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Impact Transfers: Five Familiar Faces Who Shift College Football’s Balance of Power

Getty Images/Ringer illustration
Getty Images/Ringer illustration

Earlier this week, we highlighted five freshmen to watch in the upcoming college football season. Now, it’s time for the transfers. In recent years, the booming graduate transfer economy has brought the equivalent of free agency to college football (well, minus the “free” part), and many transfers are set to play pivotal roles in 2016.

This list could have been composed solely of quarterbacks, but for the sake of positional diversity, we shared the love with a pair of running backs and — god forbid — a linebacker. Preemptive apologies to devotees of Davis Webb/Dakota Prukop/John O’Korn/Luke Del Rio. (Does Luke Del Rio have a passionate fan base?)

Kenny Hill, QB, TCU (from Texas A&M)

Kenny Trill’s 2014 Heisman Trophy campaign wasn’t long for this world, but, boy, was it ever glorious. In the Aggies’ first game of the post–Johnny Manziel era, Hill passed for a whopping 511 yards with three touchdowns, carrying A&M to a 52–28 rout of South Carolina. However, a combination of lackluster play and off-field issues cost him the starting job by November, and two months later Hill announced his transfer to TCU.

After an allegedly “awesome” year of practices with the Horned Frogs, Hill is competing with Foster Sawyer to take the place of departed QB Trevone Boykin this season. If he wins the job, expectations will be high — TCU opened at no. 7 in the AP poll, second in the Big 12 to only Oklahoma — but we now know better than to anoint him as a Heisman candidate after just one game. That’s especially true given that TCU kicks off its 2016 campaign against FCS South Dakota State, which figures to present Hill with a similar level of competition as Lamar did in 2014.

Trevor Knight, QB, Texas A&M (from Oklahoma)

Every story about Knight is contractually obligated to mention that he once served as a Johnny Football’s stand-in during practice, so here it goes: As Oklahoma prepared to face the Aggies in the 2013 Cotton Bowl, Knight played the part of Manziel on the Sooners’ scout team to dazzling effect. This year, he’ll try to replicate Manziel’s production with the Aggies, having been named A&M’s starter at the conclusion of spring practice. The prospect of Knight performing his improv act in Kevin Sumlin’s up-tempo scheme is tantalizing, and with the coach inching closer to the dreaded hot seat, the pressure will be high for this marriage to work.

Barry Sanders, RB, Oklahoma State (from Stanford)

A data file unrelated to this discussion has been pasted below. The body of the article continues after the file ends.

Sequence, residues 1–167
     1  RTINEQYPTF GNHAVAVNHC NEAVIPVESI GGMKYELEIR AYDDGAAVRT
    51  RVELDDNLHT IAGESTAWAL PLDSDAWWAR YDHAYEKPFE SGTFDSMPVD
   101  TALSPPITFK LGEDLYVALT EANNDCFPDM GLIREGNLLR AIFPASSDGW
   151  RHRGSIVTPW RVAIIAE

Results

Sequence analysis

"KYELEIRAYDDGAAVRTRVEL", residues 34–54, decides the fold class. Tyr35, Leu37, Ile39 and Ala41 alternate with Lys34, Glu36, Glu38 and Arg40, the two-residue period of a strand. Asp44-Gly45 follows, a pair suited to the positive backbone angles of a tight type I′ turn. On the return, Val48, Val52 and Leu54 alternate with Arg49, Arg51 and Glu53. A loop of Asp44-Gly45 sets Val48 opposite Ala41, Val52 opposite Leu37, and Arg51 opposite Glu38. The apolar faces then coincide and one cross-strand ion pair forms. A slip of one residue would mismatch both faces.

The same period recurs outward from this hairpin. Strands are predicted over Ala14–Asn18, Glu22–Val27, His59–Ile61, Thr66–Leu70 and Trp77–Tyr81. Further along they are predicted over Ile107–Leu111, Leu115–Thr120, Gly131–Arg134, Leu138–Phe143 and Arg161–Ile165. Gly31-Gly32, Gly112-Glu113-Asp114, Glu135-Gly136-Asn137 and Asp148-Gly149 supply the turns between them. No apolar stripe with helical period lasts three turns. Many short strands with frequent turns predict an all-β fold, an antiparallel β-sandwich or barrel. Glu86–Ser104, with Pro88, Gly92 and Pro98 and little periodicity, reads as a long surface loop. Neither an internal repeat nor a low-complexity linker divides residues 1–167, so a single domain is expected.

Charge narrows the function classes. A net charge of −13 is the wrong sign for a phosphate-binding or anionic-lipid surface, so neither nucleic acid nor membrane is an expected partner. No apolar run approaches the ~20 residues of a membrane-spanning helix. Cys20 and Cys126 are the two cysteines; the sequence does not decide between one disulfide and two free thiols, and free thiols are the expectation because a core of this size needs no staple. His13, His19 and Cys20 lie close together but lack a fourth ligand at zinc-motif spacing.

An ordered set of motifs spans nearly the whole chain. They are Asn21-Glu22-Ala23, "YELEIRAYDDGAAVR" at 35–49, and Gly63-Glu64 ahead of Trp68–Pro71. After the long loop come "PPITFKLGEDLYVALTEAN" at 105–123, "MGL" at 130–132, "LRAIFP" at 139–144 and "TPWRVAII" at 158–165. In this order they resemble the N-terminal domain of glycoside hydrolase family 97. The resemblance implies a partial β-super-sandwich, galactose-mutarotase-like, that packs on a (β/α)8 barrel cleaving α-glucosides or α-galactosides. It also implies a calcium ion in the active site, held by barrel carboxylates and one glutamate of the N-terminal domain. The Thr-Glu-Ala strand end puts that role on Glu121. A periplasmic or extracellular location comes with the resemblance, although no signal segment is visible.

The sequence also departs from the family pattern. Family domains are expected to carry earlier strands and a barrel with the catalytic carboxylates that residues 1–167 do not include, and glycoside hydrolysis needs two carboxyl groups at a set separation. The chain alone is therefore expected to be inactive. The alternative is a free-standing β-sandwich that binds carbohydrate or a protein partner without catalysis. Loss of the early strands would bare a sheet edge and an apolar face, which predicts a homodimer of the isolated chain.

His name is Barry Sanders, and he plays for Oklahoma State. That alone should be enough to capture your attention this fall. Yes, he’s Barry Sanders’s son (but don’t call him Junior), and with Christian McCaffrey entrenched atop Stanford’s tailback depth chart, the graduate transfer came to his dad’s old stomping grounds to run past Big 12 defenses. At Oklahoma State, Sanders will compete with fellow senior Chris Carson for carries, and 49-year-old man Mike Gundy hasn’t been able to contain his excitement about coaching the son of a legend. (Gundy has presumably spent the past six months watching Sanders’s high school highlight reel, along with everyone else in Stillwater.)

Hardy Nickerson, LB, Illinois (from California)

Continuing with the trend of promising bloodlines, Nickerson’s father played linebacker in the NFL for 16 seasons, and now is the defensive coordinator at Illinois. Meanwhile, the Fighting Illini’s first-year head coach, Lovie Smith, knows a thing or two about quality linebacker play (see: Urlacher, Brian and Briggs, Lance). Nickerson should immediately help shore up Illinois’s fairly porous run defense; he was a three-year starter at Cal who led the defensively challenged Bears with 112 tackles (54 solo) in 2015.

Duke Catalon, RB, Houston (from Texas)

The 2014 four-star recruit, according to, left Austin without playing a down for the Longhorns. So, if nothing else, Catalon should be exceedingly well-rested for the the 2016 season. Along with standout quarterback Greg Ward Jr., Catalon figures to play a big role in year two of coach Tom Herman’s #HTownTakeover, especially since the Cougars lost their top two running backs from the 2015 campaign. Also of note: Catalon is reportedly an avid horseback rider, which is pretty cool (if not totally indicative of success on the gridiron).